Four reasons why Leeds Rhinos’ troubles are not yet a major concern – Peter Smith

Are Leeds Rhinos in trouble?

Monday, 3rd May 2021, 4:30 pm
Leeds Rhinos playmaker Luke Gale would be a welcome addition to coach Richard Agar's matchday starting line-up. Picture: Steve Riding.

On the face of it, five successive defeats from six games and with their Wembley hopes already ended, is a grim situation.

After five Betfred Super League rounds, Rhinos are ninth in the table, with only Salford Red Devils Wakefield Trinity and newly-promoted Leigh Centurions below them.

It is not what was expected before a ball was kicked.

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Injured Leeds Rhinos half-back Kyle Eastmond. Picture: Bruce Rollinson/JPIMedia.

In terms of points, they are five outside the play-off zone and eight behind table-topping St Helens and, even at this early stage, a top-six finish looks a long way off.

It’s not an unfamiliar state of play, particularly in a season after winning silverware.

In 2016 and 2018 – when they were defending champions – Rhinos found themselves dragged into a battle against relegation and it was a similar story two years ago.

But, this season feels rather different.

Playmaker Robert Lui is yet to feature for Leeds Rhinos this season. Picture: Jonathan Gawthorpe/JPIMedia.

Unlike other tough campaigns since 2015, Leeds’ problem isn’t a lack of quality in the squad; they just need to get their best players on the field.

At the beginning of the season, Rhinos had four specialist half-backs in a 32-man squad but, so far, two of those – Rob Lui and Callum McLelland – haven’t played and the others, Luke Gale and Kyle Eastmond, have four appearances between them.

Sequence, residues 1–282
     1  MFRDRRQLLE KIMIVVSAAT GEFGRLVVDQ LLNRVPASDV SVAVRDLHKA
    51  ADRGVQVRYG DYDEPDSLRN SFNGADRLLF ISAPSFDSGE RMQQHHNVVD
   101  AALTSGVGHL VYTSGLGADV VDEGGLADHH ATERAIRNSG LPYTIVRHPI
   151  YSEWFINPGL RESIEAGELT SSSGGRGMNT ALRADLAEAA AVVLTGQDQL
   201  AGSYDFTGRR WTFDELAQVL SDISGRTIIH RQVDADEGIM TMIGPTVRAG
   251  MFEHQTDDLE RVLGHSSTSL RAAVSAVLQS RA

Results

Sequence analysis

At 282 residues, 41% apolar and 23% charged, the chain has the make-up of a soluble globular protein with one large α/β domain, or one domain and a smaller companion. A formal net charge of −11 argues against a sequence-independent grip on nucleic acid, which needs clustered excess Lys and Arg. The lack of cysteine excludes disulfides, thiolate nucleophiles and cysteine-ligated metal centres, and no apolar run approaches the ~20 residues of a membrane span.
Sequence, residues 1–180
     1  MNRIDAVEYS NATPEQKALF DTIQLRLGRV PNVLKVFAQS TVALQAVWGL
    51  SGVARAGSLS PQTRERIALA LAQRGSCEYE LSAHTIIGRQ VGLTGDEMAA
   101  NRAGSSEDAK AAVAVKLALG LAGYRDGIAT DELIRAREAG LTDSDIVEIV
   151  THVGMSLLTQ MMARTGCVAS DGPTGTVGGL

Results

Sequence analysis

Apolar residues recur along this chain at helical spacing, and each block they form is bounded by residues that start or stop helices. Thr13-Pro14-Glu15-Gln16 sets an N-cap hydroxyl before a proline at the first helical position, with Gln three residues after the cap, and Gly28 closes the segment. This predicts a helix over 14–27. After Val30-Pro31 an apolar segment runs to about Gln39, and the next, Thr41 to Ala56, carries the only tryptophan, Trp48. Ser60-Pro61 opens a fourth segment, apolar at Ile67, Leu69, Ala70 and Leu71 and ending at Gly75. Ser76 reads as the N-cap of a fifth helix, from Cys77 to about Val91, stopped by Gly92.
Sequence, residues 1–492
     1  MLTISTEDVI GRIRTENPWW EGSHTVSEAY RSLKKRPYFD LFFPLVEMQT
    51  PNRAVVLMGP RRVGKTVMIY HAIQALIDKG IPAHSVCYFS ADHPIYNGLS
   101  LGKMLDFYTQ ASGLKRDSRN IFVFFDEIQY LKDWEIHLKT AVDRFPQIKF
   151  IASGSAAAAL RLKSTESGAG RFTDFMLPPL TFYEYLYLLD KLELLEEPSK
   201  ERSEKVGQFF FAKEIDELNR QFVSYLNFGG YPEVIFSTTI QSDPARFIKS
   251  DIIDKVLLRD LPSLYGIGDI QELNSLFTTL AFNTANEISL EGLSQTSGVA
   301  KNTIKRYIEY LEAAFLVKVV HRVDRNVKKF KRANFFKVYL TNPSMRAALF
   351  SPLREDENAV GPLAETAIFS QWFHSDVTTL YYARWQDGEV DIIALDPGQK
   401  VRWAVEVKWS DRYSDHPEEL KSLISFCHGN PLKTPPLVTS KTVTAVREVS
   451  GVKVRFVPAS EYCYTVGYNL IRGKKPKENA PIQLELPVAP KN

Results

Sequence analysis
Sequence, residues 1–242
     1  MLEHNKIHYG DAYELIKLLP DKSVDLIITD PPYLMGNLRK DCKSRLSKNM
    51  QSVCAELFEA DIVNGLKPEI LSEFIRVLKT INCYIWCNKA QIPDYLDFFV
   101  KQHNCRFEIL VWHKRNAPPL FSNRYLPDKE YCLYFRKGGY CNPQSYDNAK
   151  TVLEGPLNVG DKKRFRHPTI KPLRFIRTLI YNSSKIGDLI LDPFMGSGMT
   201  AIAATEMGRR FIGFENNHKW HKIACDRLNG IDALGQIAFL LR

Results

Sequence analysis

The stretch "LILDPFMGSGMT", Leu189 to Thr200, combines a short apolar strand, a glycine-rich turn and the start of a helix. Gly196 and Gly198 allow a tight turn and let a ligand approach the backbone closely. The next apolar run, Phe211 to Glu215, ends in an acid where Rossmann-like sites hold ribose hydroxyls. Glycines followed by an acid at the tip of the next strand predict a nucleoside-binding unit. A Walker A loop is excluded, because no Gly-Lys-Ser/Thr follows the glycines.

In two of their six games so far, Leeds haven’t had any specialist halves.

To date, two second-rowers and a hooker have had to play there, as well as two players – Liam Sutcliffe and Richie Myler – who have experience in the role, but are now established elsewhere in the backs.

Leeds Rhinos have high hopes for seventeen-year-old Morgan Gannon. Picture: Allan McKenzie/

Against St Helens in the Cup, Rhinos were down to their seventh- and eighth-choice playmakers and the outside-backs have also been decimated.

At the moment, availability-wise, every step forward is followed by one back. Five players returned in round four at Hull KR, but another was ruled out before the game, one hurt during it and another suspended.

Liam Sutcliffe made his comeback against Huddersfield two days ago, but Eastmond joined the casualty list with an injury picked up in the captain’s run, the day before the match.

Rhinos should be concerned by their current plight.

Clearly, they need to snap out of their losing run sooner rather than later and things will look bleak if they lose to Wakefield, another injury-hit side struggling for a win, next time out.

But there are positives to cling to. For one, the quality of players currently on the sidelines.

Once the likes of Luke Gale, Harry Newman, Rob Lui, Zane Tetevano, Richie Myler and Cameron Smith return – and most of those aren’t far off now – Leeds’ matchday 17 will look much stronger.

Secondly, other than in the dire defeat at Hull KR, Rhinos’ effort has been good; they have simply lacked some organisation and quality in attack. Gale, who has effectively had a four-week mini pre-season, will make a big difference when he comes back against Wakefield in 10 days’ time.

If he had played at Huddersfield, Leeds would probably have won.

Thirdly, apart from against Hull KR, Leeds have been in all the games they’ve lost.

Even with a makeshift line-up, they are tending to hang in.

Fourthly, Jack Broadbent, Sam Walters and Jarrod O’Connor are all gaining valuable experience at the top level and, while they all have a lot to learn, none of them has looked out of place.

Morgan Gannon, just 17, has also had a couple of brief tastes of first-team action, against the country’s top two sides and he is as highly thought of as any Leeds academy product since Kevin Sinfield.

Rhinos experienced something similar in 2001 when Rob Burrow, Matt Diskin, Mark Calderwood and Danny McGuire were among young players promoted into the first-team squad.

It was tough going at the time, but all of them were Grand Final winners three years later.

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